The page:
Ambigamy

Insights for the deeply romantic and deeply skeptical

What to Believe and How to Believe It?

Applying a page from Calvinism’s answer to the question behind all our questions
Jeremy Sherman
This post is a response to The Arrogance of Prayer by Jeremy E. Sherman, Ph.D.

I like the way the Calvinist religion has boiled its doctrine down to a simple acronym: TULIP, and have crafted an acronym in response, not for my atheist doctrine, but one that lays out the fundamental question I think is at the heart of the conflict between us over what to believe and how to believe it.

Here’s the Calvinist acronym.

  1. Total depravity: This doesn't mean people are as bad as they can be. It means that sin is in every part of one's being, including the mind and will, so that a man cannot save himself.
  2. Unconditional election: God chooses to save people unconditionally; that is, they are not chosen on the basis of their own merit.
  3. Limited atonement: The sacrifice of Christ on the cross was for the purpose of saving the elect.
  4. Irresistible grace: When God has chosen to save someone, He will.
  5. Perseverence of the saints: Those people God chooses cannot lose their salvation; they will continue to believe. If they fall away, it will be only for a time.

Now here’s mine on the question: what should we believe and how should we believe it?

I’d love to hear your response to the question, but also any objections you might have to any of my 12 precepts. However to avoid a double standard, anything answers or objections you make applies to your beliefs as much as they do to anyone else’s. Whatever you say can and will be used for and against your beliefs too:

Find a Therapist

Search for a mental health professional near you.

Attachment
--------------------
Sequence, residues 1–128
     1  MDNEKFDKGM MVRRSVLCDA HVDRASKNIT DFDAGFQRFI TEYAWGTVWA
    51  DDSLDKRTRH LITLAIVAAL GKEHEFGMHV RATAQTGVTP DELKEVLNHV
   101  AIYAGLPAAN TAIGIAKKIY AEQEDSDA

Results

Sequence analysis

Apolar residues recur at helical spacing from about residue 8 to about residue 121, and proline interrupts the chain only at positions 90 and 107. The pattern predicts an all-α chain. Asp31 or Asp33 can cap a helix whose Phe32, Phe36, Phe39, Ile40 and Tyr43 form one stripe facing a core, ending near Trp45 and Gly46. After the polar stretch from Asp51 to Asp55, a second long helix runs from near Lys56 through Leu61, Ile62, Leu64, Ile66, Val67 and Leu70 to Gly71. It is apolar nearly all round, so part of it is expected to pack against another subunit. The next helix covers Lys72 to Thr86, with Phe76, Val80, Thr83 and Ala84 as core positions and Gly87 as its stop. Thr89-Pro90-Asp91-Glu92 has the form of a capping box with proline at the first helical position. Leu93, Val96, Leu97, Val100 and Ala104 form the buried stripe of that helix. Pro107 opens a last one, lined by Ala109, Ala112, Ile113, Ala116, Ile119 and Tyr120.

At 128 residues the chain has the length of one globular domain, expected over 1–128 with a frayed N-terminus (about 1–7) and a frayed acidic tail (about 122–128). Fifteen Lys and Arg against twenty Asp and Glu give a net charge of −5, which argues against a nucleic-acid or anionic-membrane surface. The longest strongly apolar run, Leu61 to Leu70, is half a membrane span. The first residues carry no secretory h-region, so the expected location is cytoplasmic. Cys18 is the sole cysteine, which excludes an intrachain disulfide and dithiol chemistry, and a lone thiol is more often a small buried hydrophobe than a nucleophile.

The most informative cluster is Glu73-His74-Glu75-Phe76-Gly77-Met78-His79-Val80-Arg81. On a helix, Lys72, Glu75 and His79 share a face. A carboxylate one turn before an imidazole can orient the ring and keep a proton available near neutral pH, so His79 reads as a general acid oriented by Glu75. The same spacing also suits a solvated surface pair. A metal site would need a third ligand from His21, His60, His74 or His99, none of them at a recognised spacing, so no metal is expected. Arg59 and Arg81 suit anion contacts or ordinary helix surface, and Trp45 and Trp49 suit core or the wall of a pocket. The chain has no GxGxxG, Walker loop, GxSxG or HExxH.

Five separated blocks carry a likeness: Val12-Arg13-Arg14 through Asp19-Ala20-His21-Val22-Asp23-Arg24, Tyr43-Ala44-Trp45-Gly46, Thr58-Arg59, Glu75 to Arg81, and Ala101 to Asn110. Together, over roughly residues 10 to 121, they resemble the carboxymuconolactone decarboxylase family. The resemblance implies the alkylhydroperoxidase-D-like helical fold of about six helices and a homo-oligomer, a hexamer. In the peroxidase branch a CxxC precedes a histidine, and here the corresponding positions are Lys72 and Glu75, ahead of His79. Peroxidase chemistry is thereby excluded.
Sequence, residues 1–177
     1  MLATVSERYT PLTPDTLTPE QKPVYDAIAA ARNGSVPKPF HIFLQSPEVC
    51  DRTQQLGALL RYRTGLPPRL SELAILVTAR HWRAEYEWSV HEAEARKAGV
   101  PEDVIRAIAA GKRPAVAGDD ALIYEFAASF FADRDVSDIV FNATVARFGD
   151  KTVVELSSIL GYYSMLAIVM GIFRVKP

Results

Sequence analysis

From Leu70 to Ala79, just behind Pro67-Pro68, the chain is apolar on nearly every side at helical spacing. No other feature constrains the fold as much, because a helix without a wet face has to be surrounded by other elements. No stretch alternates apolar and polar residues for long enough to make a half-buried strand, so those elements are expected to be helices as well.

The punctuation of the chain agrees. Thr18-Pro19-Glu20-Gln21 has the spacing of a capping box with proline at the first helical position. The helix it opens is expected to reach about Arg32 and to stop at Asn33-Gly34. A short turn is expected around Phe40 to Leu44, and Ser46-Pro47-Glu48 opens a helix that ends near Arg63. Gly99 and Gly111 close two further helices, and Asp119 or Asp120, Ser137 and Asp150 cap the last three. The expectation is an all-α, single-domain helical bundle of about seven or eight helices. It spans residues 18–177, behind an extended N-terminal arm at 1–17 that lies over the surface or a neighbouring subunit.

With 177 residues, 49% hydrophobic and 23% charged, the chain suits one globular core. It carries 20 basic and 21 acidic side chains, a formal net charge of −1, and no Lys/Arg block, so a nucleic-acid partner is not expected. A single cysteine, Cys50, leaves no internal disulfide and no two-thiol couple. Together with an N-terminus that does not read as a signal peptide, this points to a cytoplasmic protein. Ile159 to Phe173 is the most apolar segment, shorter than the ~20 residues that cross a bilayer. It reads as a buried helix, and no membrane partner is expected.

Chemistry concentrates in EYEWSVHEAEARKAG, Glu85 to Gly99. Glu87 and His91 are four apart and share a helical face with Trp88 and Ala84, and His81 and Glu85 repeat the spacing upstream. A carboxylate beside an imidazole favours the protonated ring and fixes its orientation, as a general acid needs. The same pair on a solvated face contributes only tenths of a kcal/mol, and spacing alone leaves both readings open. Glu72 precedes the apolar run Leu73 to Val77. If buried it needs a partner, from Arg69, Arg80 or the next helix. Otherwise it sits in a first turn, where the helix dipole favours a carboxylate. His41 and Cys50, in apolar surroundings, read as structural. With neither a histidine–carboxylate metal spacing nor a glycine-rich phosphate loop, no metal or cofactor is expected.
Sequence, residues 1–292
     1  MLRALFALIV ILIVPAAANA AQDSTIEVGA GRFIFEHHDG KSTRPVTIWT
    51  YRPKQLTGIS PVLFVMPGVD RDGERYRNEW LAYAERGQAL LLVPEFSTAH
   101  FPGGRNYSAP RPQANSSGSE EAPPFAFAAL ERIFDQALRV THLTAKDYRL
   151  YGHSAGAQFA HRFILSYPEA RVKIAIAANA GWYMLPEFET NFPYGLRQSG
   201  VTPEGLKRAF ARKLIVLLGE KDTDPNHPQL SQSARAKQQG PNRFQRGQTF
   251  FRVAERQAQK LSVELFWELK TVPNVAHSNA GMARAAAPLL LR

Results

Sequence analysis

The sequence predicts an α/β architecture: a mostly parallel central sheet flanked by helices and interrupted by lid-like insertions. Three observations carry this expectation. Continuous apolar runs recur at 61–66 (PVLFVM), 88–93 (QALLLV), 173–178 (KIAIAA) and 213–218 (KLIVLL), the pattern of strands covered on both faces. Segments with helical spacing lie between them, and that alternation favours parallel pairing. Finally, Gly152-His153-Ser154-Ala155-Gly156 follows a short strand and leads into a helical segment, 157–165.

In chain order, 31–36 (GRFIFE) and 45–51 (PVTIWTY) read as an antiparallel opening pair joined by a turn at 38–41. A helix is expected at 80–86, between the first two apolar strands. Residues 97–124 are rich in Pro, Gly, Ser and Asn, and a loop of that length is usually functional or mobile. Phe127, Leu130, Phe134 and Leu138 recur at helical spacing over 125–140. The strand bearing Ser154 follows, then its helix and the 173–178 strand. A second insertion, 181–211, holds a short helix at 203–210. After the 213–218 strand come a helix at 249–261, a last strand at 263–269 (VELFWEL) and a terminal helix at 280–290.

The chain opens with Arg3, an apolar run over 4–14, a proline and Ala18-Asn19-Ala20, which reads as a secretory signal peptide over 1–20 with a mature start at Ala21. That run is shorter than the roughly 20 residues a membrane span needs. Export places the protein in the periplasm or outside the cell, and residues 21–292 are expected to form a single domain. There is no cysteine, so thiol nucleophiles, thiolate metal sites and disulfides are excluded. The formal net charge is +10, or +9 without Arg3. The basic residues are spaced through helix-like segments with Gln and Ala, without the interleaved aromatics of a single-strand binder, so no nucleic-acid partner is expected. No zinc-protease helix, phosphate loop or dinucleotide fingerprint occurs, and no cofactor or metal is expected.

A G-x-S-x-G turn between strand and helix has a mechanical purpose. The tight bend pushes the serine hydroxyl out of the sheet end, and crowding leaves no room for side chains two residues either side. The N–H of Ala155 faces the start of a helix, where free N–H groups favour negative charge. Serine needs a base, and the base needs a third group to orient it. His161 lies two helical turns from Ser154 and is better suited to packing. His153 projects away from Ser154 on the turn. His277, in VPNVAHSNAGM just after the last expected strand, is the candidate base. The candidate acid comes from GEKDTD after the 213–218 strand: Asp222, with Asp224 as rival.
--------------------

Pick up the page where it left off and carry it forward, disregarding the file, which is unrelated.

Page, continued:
PUFF MEDS WHEN?

  1. Personal interpretation:  We each form our own personal beliefs.
  2. Underlying reality:  Still there is the underlying reality independent of what we believe about it.
  3. Fitness prized:  We all believe that it’s better when our beliefs conform to underlying reality.
  4. Fitness Subjectivity:  We have divergent beliefs about which beliefs better conform to reality, and we have no final arbiter of which conform better other than the good and bad consequences of our interactions given underlying reality. We each predict which beliefs will have better future consequences and since the future is not here to prove us right or wrong, our predictions are all fallible.
  5. Method Subjectivity:  We form beliefs about which methods of forming beliefs are more likely to yield beliefs that conform to reality.
  6. Elbowing Beliefs: Living and making decisions together, we elbow each other with of our divergent subjective beliefs, beliefs about which beliefs best fit reality and beliefs about which methods form better beliefs.  Our beliefs have consequences for each other.
  7. Deliberation and intuition:All of us form our beliefs through some combination of active deliberation and confident intuition.  On any aspect of reality some of us have done more work in forming our beliefs than others.
  8. Subjective Sufficiency: No amount of active deliberation or confident intuition ensures that our beliefs conform to reality. We can all identify cases in which we think deliberation and intuition have succeeded and have failed.
  9. Wondering works: Nonetheless, and on the whole, active deliberation tends to refine our intuitions and beliefs over time, as shows from our increasing ability to yield good consequences within reality. 
  10. Healing beliefs:  Though better beliefs conform to underlying reality, one of one of those underlying realities is our individual emotional reality.  Beliefs increase or decrease our personal comfort, self-confidence, esteem, happiness.  Beliefs can puff us up, serving as medicine to heal and improve our emotional reality independent of how much they conform to the rest of reality.
  11. Entitled happiness:  We believe everyone is entitled to find happiness through whatever beliefs serve them.
  12. Necessary belief:  Still, given that we believe it’s better when our beliefs conform to underlying reality, and given that we live and make decisions better and therefore that our beliefs affect one another. We will therefore have conflict over which of our beliefs to impose upon each other, in other words, which are the better meds for our emotional realities and which are the better fitted to overall reality.
  • ?:  When then should we tolerate or fight other people’s beliefs which we believe are puffed up meds? 

Jeremy Sherman is an evolutionary epistemologist studying the natural history and practical realities of decision making.

more...

Subscribe to Ambigamy

Current Issue

Love & Lust

Who says marriage is where desire goes to die?